Table 1 Chemical composition of cements, slag and aggregates used Oxide content (% by mass) CaO SiO2 Al2O3 Fe2O3 Na2O K2O MgO SO3 OPC1 65.3 20.8 4.9 3.2 0.17 0.30 3.4 2.0 OPC2 66.0 20.8 4.7 3.5 0.10 0.35 2.6 1.9 Slag 42.4 30.4 16.0 0.42 0.15 0.24 7.9 2.6 Granite 0.11 72.1 17.4 3.4 3.45 3.04 0.13 Sand A 95.1 4.2 0.44 0.31 Sand B 96.2 3.0 0.62 0.12 Sand C 99.8 0.14

: Non-detectable due to zero or small content.

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Table 2 Chemical compositions of the hardened cement pastes determined by XRF technique Oxide content (% by mass) 30% Slag (30S-28d) 50% Slag (50S-28d) 49.30 25.50 10.35 6.44 0.04 0.20 2.86 0.78 50% Slag (50S-91d) 52.33 25.21 8.74 2.07 0.07 0.19 4.67 1.62 70% Slag (70S-28d) 43.25 28.00 13.81 8.14 0.04 0.23 2.81 0.56 70% Slag (70S-91d) 48.34 27.65 11.04 1.49 0.09 0.22 5.63 1.88

(a) Cement paste samples cured for 28 days CaO 55.33 23.30 SiO2 7.57 Al2O3 5.09 Fe2O3 0.07 Na2O 0.19 K2O MgO 2.82 0.93 SO3 Oxide content (% by mass) 30% Slag (30S-91d)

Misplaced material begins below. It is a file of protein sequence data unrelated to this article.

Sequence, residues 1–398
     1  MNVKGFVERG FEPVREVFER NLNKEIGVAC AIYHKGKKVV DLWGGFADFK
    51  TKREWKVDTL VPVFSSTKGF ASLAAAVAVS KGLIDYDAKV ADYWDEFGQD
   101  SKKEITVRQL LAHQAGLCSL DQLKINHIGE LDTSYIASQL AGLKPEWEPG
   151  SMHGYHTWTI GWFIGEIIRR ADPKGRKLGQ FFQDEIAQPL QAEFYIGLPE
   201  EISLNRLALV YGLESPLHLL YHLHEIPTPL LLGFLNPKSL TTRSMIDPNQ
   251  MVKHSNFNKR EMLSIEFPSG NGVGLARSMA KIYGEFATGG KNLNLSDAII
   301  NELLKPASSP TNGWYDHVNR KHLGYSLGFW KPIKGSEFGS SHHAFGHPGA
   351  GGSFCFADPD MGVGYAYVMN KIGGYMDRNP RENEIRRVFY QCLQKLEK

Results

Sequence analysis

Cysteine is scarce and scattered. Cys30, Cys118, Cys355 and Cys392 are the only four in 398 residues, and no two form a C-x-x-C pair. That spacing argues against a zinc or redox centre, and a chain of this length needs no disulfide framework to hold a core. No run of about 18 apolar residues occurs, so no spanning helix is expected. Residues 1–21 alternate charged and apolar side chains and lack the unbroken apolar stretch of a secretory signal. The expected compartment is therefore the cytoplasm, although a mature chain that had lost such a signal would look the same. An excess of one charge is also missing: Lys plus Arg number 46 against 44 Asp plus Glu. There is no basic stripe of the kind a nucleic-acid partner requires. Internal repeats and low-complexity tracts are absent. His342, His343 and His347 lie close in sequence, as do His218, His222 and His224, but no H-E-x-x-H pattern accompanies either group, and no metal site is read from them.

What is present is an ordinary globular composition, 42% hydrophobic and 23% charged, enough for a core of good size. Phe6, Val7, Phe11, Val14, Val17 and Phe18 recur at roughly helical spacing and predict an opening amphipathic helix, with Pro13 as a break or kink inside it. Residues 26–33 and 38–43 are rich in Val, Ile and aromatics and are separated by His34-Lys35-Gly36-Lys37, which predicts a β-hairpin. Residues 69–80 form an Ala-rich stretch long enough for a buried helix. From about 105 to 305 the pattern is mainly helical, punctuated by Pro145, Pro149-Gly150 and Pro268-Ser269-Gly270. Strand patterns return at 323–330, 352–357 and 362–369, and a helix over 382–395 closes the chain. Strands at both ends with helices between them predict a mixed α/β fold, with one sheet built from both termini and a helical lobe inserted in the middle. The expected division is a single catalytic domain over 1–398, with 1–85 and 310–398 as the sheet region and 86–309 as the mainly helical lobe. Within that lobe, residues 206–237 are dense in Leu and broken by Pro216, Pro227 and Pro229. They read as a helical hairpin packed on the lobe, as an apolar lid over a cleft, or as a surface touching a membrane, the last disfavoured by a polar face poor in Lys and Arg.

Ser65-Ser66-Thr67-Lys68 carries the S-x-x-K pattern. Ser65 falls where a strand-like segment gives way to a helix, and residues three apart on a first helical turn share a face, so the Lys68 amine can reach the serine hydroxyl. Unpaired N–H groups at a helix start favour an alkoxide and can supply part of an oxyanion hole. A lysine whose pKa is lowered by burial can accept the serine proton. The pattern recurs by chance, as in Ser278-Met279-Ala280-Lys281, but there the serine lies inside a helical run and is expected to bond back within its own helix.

the isopropanol had evaporated, powder XRD slides were prepared and analyzed by a Shimadzu XRD-6000 using copper Ka radiation with scanning speed of 2/min. As shown in Fig. 2, the peak at about 28.3 (2h) represents the calcium uoride that acted as an internal standard for quantitative determination. Instead of the highest peak at 26.6 (2h), the peak of quartz at about 20.8 (2h) which has no overlapping of spectrum with any hydrated cement phases was selected to identify the quantity of sand in mixture. The relationship between peak intensity ratios of quartz (20.8) to the internal standard (28.3) obtained from three replicate scans and sand content can be constructed. Thereafter, the relationship has been veried with the analysis results of the actual mortar extracted from concrete mixes. 2.3.1.2. Technique by HCl dissolving. In this method, the mortar powders were dissolved in hydrochloric acid (HCl). The 5 g of the sample was dissolved into 250 ml of 0.5 M HCl in a conical ask. The solution was shaken for 30 min on a rotating table then ltrated through a dense lter paper. The lter paper with the residue was washed with deionized water and isopropanol, and then oven-dried at 105 C for 24 h. Finally, the residual weight after dissolution process can be measured. Fig. 3 shows results of the dissolving test on hardened slag cement paste and various sources of sands separately. It was found that all slag cement paste powders can be almost completely dissolved into the HCl acid, whereas only small fraction of sand will be diluted into the acid solution. Therefore, if the technique is performed on concrete or mortar mixes, the amount of the nal residue would be able to present the aggregate content in mixture. However, it would be remarked that only Sand A was used in all articial mortars and concrete mixes. Sand B and C were dissolved to conrm the stability of quartz sands obtained from various sources in the acid dissolution as obviously seen in the gure. 2.3.2. Determination of slag to total cementitious material ratio In Singapore, quartz sand and granite stone are the aggregates most commonly used in concrete mixes. Generally, quartz sands contain more than about 95% of SiO2, and only minor Al2O3 is another oxide that can be possible detected. For granite, it is basically a composition of quartz and alkali feldspar. Therefore, its major compositions would be SiO2 and Al2O3, with some Fe2O3, Na2O and